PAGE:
2018 International Financial Issues Winter Symposium


Report of the 2018 International Financial Issues Winter Symposium



The School of Business held the International Financial Issues Symposium on January 12 of 2018 in the Graduate School of Business of the University of Puerto Rico on the Rio Piedras Campus in the Plaza Universitaria Building in Room 6035 in the North Tower.  Attendees had ample access to parking and refreshments.

Dean Jose Taboada of the School of Business of the University of Puerto Rico made opening comments that were followed by those of Co-chair Dr. Arleen Hernandez. Co-chair Dr. Scott Brown took over for the duration as master of ceremony.

Morning Discussions

The first speaker was Jimmy Torrez on “Do Differences in Capital Gains and Dividends Tax Rates Bias Real Investments Decisions.” Dr. Torrez is a professor of finance with the Graduate School of Business of the University of Puerto Rico (EGAE-UPR).  The next speaker was Dr. Ashwin Modi of the Medical Sciences Campus of the UPR.  He discussed “Internet Banking in Fastest Growing Economy: An Extension of Technology Acceptance Model (TAM).” Dr. Rosarito Sánchez-Morcilio discussed “Assertive Estimation of Cost in a Software Development Project” on behalf of the programming department of the EGAE-UPR.

Afternoon Discussions

Professor of Finance Dr. Scott Brown discussed “Amihud Illiquidity, Open Interest, and Expected Stock Returns” on behalf of the EGAE-UPR.  Dr. Mario Brandtner represented the Friedrich Schiller University of Jena in Germany in presenting his research on “Expected Shortfall, Spectral Risk Measures, and the Aggravating Effect of Background Risk, or: Risk Vulnerability and the Problem of Subadditivity.”  Dr. Minna Martikainen of the Hanken School of Economics presented her work on “Corporate Insider Trading and Social Networks.”  Dr. Panayiotis Theodossiou of the Cyprus University of Technology covered his work on “The Risk and Return Conundrum Explained: International Evidence.”  The final presentation was by Dr. Lenos Trigeorgis also of the University of Cyprus discussing “Seemingly Unrelated Stock Market Anomalies: Profitability, Distress, Lotteryness and Volatility.”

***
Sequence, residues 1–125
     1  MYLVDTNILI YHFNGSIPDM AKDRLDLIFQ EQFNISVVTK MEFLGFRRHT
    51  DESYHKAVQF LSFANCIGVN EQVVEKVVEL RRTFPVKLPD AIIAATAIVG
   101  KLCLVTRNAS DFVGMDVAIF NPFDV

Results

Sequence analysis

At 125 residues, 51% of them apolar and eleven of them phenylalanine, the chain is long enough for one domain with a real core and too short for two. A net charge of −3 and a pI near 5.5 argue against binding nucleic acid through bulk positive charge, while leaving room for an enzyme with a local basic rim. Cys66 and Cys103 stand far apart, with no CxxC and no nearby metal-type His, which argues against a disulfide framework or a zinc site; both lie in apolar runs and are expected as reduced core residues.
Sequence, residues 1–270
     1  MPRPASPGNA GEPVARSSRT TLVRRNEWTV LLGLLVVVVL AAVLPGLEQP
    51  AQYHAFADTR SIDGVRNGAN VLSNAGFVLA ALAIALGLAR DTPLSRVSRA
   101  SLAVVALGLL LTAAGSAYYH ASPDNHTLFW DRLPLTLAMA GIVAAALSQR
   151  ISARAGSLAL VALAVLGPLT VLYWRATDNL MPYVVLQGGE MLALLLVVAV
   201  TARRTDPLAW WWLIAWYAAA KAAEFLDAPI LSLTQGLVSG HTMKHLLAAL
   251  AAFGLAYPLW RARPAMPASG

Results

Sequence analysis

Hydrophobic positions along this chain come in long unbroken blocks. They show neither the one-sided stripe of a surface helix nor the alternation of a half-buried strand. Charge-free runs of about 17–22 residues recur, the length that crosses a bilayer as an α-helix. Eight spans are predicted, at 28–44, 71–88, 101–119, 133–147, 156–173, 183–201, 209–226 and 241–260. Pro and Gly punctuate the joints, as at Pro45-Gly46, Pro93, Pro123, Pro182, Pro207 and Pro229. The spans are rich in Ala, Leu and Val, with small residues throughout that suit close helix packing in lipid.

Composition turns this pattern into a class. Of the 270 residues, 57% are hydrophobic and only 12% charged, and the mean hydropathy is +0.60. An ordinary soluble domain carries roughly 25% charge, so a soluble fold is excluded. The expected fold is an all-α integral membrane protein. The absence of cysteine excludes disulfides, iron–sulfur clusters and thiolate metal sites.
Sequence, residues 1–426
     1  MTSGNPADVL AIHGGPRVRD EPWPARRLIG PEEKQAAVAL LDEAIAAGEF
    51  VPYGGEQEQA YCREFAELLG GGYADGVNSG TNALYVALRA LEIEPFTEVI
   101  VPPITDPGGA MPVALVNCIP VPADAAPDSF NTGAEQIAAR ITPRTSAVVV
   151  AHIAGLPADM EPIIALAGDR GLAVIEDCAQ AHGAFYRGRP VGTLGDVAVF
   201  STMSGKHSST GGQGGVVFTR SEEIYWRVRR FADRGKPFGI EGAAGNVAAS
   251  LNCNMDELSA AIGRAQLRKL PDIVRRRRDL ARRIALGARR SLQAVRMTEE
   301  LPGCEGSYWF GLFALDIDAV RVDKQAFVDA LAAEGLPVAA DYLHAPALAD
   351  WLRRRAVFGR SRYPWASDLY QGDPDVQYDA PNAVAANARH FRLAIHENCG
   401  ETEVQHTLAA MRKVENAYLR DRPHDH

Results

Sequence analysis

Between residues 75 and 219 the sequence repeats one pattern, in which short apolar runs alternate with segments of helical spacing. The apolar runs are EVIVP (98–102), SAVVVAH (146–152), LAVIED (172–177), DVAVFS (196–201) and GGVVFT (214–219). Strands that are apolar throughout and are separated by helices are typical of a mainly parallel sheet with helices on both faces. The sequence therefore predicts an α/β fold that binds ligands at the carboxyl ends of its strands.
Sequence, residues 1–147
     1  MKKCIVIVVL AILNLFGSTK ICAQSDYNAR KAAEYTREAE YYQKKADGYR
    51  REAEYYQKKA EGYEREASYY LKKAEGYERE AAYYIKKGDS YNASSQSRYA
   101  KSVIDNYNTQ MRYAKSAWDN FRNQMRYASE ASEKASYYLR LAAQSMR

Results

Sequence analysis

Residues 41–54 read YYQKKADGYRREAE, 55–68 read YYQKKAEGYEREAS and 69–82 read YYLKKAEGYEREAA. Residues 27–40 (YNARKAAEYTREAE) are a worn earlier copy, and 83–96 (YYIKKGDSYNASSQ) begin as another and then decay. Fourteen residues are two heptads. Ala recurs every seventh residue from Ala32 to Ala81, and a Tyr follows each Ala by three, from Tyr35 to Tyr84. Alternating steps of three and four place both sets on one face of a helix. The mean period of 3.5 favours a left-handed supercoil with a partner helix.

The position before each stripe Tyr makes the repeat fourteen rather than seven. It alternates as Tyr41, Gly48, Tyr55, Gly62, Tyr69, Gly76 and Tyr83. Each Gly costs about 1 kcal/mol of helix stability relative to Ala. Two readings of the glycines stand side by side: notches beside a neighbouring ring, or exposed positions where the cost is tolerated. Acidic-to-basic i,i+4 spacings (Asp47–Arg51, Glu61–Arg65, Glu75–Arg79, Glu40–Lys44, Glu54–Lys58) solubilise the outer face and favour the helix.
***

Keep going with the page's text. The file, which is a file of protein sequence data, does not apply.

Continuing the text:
Keynote – The Greek and Cyprus Financial Crisis

In light of the current fiscal crisis in Puerto Rico all were eager to hear a keynote discussion by Panayiotis Theodossiou of the Cyprus University of Technology on the differences between the Greek and Cypriote recovery.  Dr. Theodossiou explained how the economy of Cyprus was hurt by the imposition of excessive welfare by the European Union (EU). Germany and France further damaged recovery by protecting their national interest. But despite this a major component of the Cyprus recovery was a dramatic reduction in local business taxes in Cyprus. This helped the island attract better firms that employed many thus buoying the local economy.  Panayiotis concluded in explaining that the main difference between Greece and Cyprus is simple.  Cypriotes have a stronger work ethic than Athenians.  Most importantly Cypriotes work together far better than the Greeks of mainland Europe.

Panel Discussion – The Puerto Rico Financial Crisis

The symposium closed with a dynamic panel discussion of “The Puerto Rico Financial Crisis.” Dr. Theodossiou steered the panel composed of representatives of the two largest local political parties and three industry representatives.  Professor Carlos Colon de Armas first gave some data slides showing that the Puerto Rico economy began todown-slide when a form of Federal welfare known as food stamps were imposed on Puerto Rico in 1972. This evidence suggests that excessive welfare by the EU has damaged the GDP and GNP of Cyprus and done the same for Puerto Rico from the U.S. Federal government.

Professor Colon de Armas further asserted that Section 936 of the local tax code did nothing to raise revenes for Puerto Rico.  Dario Benrubi CPA and CFO of AstraZeneca strongly objected explaining that the pharmaceutical industry pays a third of corporate tax receipts on the island despite the closing of Section 936 by President Clinton as requested by then governor Pedro Rossello.  CEO of MyLogicIQ  Ganesh Rajappan stated under no uncertain terms that he would not have relocated his service export company to Puerto Rico from California without Act 20 and Act 22 tax benefits. President and COO of American International Bank Brian Smoyer chimed in with similar comments that his international banking operation would not be viable without the tax benefits of Act 20 and 22.  Former Secretary of State of Puerto Rico and Resident Commissioner to Congress Antonio Colorado made an important statement asserting that the time for squabbling is over and that both parties must work together.

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By: M. Rios Bracero